New Zealand is renowned for its scenic coastline but it’s not always as pretty as we may wish. Various types of rubbish can be found washed up on our coasts, which is both unsightly and can create problems for the environment and wildlife.
A committed group of local residents, council staff and fishermen have braved wild weather to gather up 20 tonnes of rubbish from remote western beaches on Stewart Island, which was responsibly disposed of or recycled where possible at the local refuse.
The list of items found on the beaches included fishing equipment, rope, domestic rubbish and more.
The seafood industry is aware of their contribution to this issue and was keen to support the clean-up effort. Matt Harvey, an ex-fisherman and now vessel manager at Sanford, generously volunteered his time and the deepwater industry sponsored around $10,000, along with fuel supplier BP also providing 2,000 litres of fuel for the vessel carrying the rubbish collected. Other organisations and firms from the seafood industry and a range of other sectors made major contributions in terms of money and effort. It was a huge operational task and we would like to offer a special thank you to the folks at Wairaurahiri Jet for their organisation and the number of volunteers who made this all possible.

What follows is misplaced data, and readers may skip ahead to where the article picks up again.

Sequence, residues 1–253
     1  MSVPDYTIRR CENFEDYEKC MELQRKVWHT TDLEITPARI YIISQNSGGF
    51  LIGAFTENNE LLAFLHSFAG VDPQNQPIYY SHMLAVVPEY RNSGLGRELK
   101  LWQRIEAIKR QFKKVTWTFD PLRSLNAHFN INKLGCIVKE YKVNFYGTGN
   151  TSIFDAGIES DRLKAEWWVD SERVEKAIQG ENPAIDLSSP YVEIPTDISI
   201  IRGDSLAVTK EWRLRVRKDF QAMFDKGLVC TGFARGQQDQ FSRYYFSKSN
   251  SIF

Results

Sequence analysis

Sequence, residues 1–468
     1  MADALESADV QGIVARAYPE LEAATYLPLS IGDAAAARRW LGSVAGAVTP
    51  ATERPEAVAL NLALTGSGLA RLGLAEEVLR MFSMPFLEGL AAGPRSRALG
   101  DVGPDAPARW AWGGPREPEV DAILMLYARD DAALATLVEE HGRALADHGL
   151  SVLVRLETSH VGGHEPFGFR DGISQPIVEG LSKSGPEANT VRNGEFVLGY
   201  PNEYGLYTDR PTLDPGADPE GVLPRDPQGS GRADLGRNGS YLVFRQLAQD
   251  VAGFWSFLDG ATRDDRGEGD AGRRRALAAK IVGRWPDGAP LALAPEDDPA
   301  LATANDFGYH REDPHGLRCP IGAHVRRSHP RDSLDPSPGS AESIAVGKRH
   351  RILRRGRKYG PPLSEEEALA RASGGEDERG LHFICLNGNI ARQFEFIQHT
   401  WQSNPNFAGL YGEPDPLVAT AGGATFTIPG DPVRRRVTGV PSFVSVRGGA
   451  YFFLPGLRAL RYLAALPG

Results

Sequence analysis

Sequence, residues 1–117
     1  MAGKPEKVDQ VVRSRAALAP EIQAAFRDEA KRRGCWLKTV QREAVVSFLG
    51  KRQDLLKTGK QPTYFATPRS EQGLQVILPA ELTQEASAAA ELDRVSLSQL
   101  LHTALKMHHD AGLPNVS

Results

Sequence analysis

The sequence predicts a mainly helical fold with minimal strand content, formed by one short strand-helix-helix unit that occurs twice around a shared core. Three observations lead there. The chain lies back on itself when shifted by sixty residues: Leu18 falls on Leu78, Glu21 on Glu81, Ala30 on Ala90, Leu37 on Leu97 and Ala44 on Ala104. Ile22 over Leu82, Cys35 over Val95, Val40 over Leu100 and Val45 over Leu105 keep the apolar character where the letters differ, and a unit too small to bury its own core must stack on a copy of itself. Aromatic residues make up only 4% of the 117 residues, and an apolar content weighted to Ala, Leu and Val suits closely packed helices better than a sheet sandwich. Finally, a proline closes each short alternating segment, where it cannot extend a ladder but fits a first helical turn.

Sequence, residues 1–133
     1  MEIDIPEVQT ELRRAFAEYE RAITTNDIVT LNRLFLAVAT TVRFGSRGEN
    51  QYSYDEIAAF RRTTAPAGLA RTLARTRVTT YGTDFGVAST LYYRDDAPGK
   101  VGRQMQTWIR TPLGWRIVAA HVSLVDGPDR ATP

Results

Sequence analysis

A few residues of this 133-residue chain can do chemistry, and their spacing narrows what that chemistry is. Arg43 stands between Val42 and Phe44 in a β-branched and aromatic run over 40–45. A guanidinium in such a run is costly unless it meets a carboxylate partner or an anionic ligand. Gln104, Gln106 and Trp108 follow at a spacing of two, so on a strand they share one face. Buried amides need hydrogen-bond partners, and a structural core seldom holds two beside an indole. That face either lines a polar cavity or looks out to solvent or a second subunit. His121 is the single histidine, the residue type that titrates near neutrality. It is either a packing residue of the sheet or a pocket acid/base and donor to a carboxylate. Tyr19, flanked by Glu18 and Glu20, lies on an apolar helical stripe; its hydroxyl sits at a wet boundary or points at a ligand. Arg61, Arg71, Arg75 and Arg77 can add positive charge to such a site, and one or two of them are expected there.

Ali Timms, Environment Southland Chairman, notes “we need to stop the rubbish at its source”. The seafood industry are looking at how the fishing sector can do more in achieving this by improving on-board practices to minimise and manage rubbish and gear that is lost overboard. It has been six years since the last clean up and the objective is to reduce the amount of rubbish finding its way into the sea so that these clean-ups can be even less frequent.